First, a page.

Learn how ISO 22316 complements the standards on BCM (ISO 22301) and information security (ISO 27001), enhancing organizational resilience.
Do we really need this new approach? What’s actually new?
Both management systems standards on information security (ISO 27001) and business continuity (ISO 22301), while trying to encompass the whole organization, still lack components and dimensions to holistically protect an enterprise. The concept of resilience expands these approaches and enhances the preparedness and development of organizations.
Resilience – what’s this?
Do we really need this new approach? What’s actually new? There are so many standards already – will we ever cope? Another certification? We did this all the time!
Mother Nature (the evolution) has successfully applied this principle for quite some time
Good and valid it questions and statements. The concept of resilience is not new. If we interpret the definition of resilience as “ability… to absorb and adapt in a changing environment”, we realize that Mother Nature (the evolution) has successfully applied this principle for quite some time. As such, it is quite reasonable to adopt this approach also for organizations (run by humans). For long-time stability and growth there is no other recipe than the ability to adapt. The new standard is/has been developed by ISO/TC 292.
Yet another standard?
The new standard ISO 22316 provides guidance (recommends an approach) to enhance an organization’s resilience. It does so by proposing principles, attributes and activities contributing to more resilient organizations. This standard (a guidance document), cannot be used to certify an organization. It rather serves as an umbrella covering a range of management disciplines, which all need to be sufficiently mature and in need to interact with each other in a synergistic fashion.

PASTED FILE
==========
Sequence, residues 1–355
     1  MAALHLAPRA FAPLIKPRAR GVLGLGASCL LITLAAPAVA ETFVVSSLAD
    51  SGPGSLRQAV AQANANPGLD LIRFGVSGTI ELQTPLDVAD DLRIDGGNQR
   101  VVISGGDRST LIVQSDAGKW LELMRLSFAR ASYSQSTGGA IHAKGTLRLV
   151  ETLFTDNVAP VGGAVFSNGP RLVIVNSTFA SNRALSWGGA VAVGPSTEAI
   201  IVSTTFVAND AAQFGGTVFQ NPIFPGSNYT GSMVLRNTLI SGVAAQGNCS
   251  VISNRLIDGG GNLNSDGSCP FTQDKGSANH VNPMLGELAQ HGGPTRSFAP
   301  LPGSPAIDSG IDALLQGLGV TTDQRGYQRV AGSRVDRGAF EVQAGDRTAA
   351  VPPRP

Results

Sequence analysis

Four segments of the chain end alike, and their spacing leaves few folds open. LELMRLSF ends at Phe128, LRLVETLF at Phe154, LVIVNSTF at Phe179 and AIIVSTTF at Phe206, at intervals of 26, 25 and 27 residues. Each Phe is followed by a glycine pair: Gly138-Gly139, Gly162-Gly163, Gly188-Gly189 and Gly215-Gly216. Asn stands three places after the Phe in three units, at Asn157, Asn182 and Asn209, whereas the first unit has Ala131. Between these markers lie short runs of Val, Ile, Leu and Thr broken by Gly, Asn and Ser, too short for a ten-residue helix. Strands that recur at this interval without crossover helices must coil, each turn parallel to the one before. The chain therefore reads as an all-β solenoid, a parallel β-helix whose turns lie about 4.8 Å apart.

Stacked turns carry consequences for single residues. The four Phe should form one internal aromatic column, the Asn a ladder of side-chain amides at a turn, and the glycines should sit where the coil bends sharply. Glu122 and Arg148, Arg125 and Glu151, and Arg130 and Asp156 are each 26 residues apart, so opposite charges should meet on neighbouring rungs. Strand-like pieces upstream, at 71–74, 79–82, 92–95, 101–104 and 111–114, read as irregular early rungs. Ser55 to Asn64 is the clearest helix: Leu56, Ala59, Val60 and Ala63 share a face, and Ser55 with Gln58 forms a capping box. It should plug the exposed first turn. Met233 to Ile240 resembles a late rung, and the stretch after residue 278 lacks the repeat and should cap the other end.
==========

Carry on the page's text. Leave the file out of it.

Organizational resilience expands the concept of preparedness
Two of these management disciplines are information security (ISO 27001) and business continuity (ISO 22301). These system management standards serve to properly implement the respective approach, and organizations may get certified against these requirements.
How many world leading organizations have vanished because they were not resilient enough?
Organizational resilience expands the concept of preparedness also to threats which might develop slowly, but still would be fatal for the organization if not properly anticipated. While the above mentioned system management standards deal with classic disruptive, sudden events (such as IT breakdowns or a factory fire) a resilience approach also deals with political, legal, demographic, climate-related and other threats, which would not impact the organization from one moment to the next, but maybe months and years down the road. How many world leading organizations have vanished because they were not resilient enough: Swissair, Kodak, Nokia, …?
One of the greatest values of ISO 22316 is based on the fact that it proposes a structured approach to resilience. While organizations may have more or less successfully been on a path to resilience (especially those that have implemented an ISMS or BCMS according to ISO 27001 or ISO 22301) the new guidance document on organizational resilience provides concrete guidance on what to undertake.